Though deciding to support the sanctions, Swedish government ministers told the media Thursday that they didn't think the sanctions were the right way to go with Iran. They're concerned with effects on trade and on the almost 90 000 Iranians living in Sweden.
Trade minister Ewa Björling told Radio Sweden that she thinks tighter sanctions will only have a limited effect on some big Swedish companies that do business in Iran, such as Volvo and Saab. The sanctions are also expected to affect Swedish banking and insurance companies with a knock on effect of hurting banks in Iran.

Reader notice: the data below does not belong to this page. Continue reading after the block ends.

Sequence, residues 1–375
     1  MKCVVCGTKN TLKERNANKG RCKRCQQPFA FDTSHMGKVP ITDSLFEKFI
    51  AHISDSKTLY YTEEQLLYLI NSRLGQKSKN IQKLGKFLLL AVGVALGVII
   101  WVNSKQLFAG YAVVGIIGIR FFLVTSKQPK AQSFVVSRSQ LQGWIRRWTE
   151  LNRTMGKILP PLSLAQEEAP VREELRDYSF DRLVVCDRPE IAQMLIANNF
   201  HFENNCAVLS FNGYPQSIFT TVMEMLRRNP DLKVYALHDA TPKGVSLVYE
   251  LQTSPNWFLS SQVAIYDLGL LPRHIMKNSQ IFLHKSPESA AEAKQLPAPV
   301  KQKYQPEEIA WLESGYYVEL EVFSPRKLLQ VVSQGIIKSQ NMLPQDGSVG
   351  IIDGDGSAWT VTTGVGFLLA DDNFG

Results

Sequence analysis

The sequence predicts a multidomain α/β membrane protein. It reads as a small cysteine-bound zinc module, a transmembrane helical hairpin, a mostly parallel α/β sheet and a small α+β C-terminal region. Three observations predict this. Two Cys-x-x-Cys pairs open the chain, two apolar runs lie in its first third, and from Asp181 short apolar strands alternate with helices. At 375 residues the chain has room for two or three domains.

Countries in the west have long suspected that Iran is attempting to develop nuclear weapons, but the country has denied the allegations, saying that its nuclear program is only for energy. Officials hope the new sanctions will get Iran to negotiate about the scope of their nuclear development.
The new EU proposals go beyond sanctions which the United Nations Security Council adopted on June 10 and which Sweden already imposes.
Catherine Ashton, the EU minister for foreign affairs, is expected to make a decision about the proposed new sanctions next Monday.